Perinatal befrienders could boost new mothers mental health

31
Jan
2017

The findings emerged from health and social science researchers’ independent evaluation of Aberlour Perinatal Befriending Support Service, which launched in 2015. The service helps new mothers with mental health issues who are at risk of becoming socially isolated immediately before and after giving birth.

The report, Aberlour Perinatal Befriending Support Service: An Evaluation of the Pilot Delivery, shows the Service enhances mothers’ wellbeing and confidence, has a positive effect on alleviating anxiety and depression, and boosts their self-belief, confidence and attachment to their children.

Helen Cheyne, Professor of Midwifery in the Faculty of Health Sciences and Sport, said: “It’s estimated that 30% of women are affected by mental health issues directly before and after birth, which can have long-term impacts for new mothers and their children.

“Previously, gaps had been identified in the provision of perinatal mental health services and support during this crucial period. Third sector organisations have a vital role in developing innovative services that often fill these gaps as well as breaking down stigma and social isolation. Our assessment of Aberlour’s scheme confirms the difference a buddying-style service can make to women’s wellbeing.

Aberlour volunteers are trained to provide befriending support and matched with a woman who has been referred to the charity or chosen to take part in the scheme. Volunteers spend up to three hours a week with the family, from just before pregnancy until the child reaches its first birthday.

Describing her experiences with a Service befriender, one woman said: “I think she’s made me more resolved to not just be mum, you know.

“I think so many women fall into that trap that they just become mum. They forget who they are as an individual and what their previous life was before – because you do mourn your previous life, I think, to a great extent.

“I don’t think a lot of women talk about that and they need to talk about it.”

The experts found women who engaged with the charity were less likely to require access more intensive support services.

The researchers also emphasised that finding a good fit between volunteers and families was crucial to the Service’s success.

Co-author Professor Brigid Daniel from the University’s Centre for Child Wellbeing and Protection, added: “In our experience, personal contacts and building relationships are central to the success of initiatives that support mothers, infants and families. The Aberlour befriending service is a perfect example of how this has worked in practice.”

SallyAnn Kelly, Chief Executive of Aberlour said: “Pregnancy and the birth of a baby is exciting but exhausting and no new parent can feel completely in control in a whirlwind of sleepless nights and new worries. For many parents, however, that exhilarating joy of bringing a new life into the world can be submerged in a terrible flood of anxiety, stress and depression.

“At Aberlour, we work to find and help Scotland’s hidden children, and their parents. For those parents supported by this service, sometimes they just need a friend. A friend who can listen without judging, who can help without interfering; who can be there when you need them. Our volunteers on the Perinatal Befriending Support scheme are those kind of friends. Vulnerable parents trying to cope with pregnancy and a new baby up and down the country need friends like that.”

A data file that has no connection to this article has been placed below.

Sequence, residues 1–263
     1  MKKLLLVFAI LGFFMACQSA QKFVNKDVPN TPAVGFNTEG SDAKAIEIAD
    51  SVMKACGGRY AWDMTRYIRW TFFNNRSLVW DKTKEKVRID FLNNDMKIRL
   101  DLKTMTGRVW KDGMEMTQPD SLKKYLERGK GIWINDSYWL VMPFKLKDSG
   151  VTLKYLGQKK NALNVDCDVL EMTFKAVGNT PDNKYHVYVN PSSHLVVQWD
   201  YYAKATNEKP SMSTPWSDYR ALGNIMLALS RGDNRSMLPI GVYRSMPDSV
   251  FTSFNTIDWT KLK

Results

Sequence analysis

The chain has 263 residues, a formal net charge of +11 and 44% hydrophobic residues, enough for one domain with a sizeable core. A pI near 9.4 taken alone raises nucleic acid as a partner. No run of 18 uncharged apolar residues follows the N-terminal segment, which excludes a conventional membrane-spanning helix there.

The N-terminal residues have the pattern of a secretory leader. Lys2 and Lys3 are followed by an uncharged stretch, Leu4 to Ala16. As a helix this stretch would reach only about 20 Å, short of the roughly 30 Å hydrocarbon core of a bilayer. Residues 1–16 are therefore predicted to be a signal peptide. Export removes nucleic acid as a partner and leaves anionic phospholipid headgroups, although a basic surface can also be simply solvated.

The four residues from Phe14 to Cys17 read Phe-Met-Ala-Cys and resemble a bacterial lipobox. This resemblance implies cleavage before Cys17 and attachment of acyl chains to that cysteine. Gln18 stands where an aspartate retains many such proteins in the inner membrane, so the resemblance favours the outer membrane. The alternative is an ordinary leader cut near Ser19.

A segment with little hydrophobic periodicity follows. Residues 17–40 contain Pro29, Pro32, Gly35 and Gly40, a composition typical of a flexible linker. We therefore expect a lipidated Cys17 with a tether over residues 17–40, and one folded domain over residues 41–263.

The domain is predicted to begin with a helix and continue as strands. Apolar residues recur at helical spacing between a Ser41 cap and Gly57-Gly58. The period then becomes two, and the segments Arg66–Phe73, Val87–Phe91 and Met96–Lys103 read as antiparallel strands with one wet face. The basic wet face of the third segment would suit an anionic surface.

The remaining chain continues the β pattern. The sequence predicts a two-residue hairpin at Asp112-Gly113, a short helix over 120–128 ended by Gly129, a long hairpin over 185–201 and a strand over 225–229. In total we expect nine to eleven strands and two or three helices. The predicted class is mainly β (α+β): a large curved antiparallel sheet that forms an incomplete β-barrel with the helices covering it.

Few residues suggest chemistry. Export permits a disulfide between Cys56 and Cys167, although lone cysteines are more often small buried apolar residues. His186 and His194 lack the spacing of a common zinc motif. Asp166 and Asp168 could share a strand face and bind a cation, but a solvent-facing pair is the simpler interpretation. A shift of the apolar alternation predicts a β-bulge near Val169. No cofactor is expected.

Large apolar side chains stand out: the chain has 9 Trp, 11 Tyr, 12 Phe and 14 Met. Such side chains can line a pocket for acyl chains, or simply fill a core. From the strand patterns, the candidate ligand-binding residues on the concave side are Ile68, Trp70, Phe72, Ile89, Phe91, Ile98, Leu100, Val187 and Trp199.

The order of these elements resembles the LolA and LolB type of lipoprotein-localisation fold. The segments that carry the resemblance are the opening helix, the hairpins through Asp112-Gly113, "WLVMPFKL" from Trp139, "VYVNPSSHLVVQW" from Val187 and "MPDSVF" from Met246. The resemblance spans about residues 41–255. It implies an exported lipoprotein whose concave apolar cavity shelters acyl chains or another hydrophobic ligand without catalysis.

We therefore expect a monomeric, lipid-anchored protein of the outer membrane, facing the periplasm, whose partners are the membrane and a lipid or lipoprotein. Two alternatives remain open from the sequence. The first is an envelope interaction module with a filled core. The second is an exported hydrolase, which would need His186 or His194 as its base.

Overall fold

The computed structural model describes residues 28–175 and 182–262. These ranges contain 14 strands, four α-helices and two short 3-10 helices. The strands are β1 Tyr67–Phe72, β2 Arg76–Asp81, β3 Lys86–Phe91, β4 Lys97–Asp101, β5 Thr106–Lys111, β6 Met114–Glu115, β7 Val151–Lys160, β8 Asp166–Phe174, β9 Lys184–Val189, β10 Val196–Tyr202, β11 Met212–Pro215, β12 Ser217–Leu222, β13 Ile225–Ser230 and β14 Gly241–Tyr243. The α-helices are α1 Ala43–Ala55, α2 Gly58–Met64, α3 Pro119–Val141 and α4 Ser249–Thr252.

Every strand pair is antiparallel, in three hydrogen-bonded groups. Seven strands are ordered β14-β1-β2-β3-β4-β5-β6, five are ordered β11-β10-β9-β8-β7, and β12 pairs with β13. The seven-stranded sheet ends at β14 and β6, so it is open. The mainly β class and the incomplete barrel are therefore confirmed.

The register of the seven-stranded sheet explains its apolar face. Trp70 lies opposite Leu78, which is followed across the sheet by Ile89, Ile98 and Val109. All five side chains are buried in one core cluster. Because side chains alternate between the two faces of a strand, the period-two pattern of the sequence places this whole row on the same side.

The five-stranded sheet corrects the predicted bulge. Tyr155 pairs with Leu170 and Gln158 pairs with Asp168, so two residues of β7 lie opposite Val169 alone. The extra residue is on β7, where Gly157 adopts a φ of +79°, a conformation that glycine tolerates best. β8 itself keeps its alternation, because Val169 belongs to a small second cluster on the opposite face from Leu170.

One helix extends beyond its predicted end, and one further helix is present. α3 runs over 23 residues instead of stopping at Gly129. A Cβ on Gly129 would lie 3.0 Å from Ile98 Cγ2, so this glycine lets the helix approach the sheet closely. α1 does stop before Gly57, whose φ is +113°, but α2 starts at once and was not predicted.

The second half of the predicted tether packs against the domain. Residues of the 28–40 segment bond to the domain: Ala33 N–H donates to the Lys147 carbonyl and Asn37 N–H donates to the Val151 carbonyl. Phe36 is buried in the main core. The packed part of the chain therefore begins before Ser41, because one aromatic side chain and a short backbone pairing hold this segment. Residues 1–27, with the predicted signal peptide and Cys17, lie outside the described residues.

Aberlour now hope the scheme, which launched in the Falkirk Council area, can be rolled out to help mothers across Scotland.

Ends

Media enquiries to Corrie Campbell, Communications Officer, University of Stirling 01786 466 169 or c.r.campbell@stir.ac.uk

Notes to editors

Read the Aberlour Perinatal Befriending Support Service: An Evaluation of the Pilot Delivery report.
Researchers quantitatively and qualitatively assessed the experiences of 47 women taking part in Aberlour’s Perinatal Befriending Support Service.
Aberlour

Not all children are born with an equal chance. Aberlour is there for Scotland’s hidden children, when others let them down. Because every child deserves a chance to flourish.

We help by:

Offering a safe place to live for children who have suffered abuse and trauma
Making life easier for families where a child has a disability
Giving babies a brighter future by building confidence in their parents
Helping families recover from drug and alcohol addiction, so their children can thrive
Working with young people to prevent their problems from spiralling out of control
Our vision is to transform the lives of the children and families we work with and, through this, contribute to building a fairer and more equal society

www.aberlour.org.uk

University of Stirling

The University of Stirling is ranked fifth in Scotland and 40th in the UK for research intensity in the 2014 Research Excellence Framework. Stirling is committed to providing education with a purpose and carrying out research which has a positive impact on communities across the globe – addressing real issues, providing solutions and helping to shape society.

Interdisciplinary in its approach, Stirling’s research informs its teaching curriculum and facilitates opportunities for knowledge exchange and collaboration between staff, students, industry partners and the wider community.

At 50-years-young, Stirling retains a pioneering spirit and a passion for innovation. Its scenic central Scotland campus – complete with a loch, castle and golf course – is home to more than 12,000 students and 1500 staff representing around 120 nationalities. This includes an ever-expanding base for postgraduate study.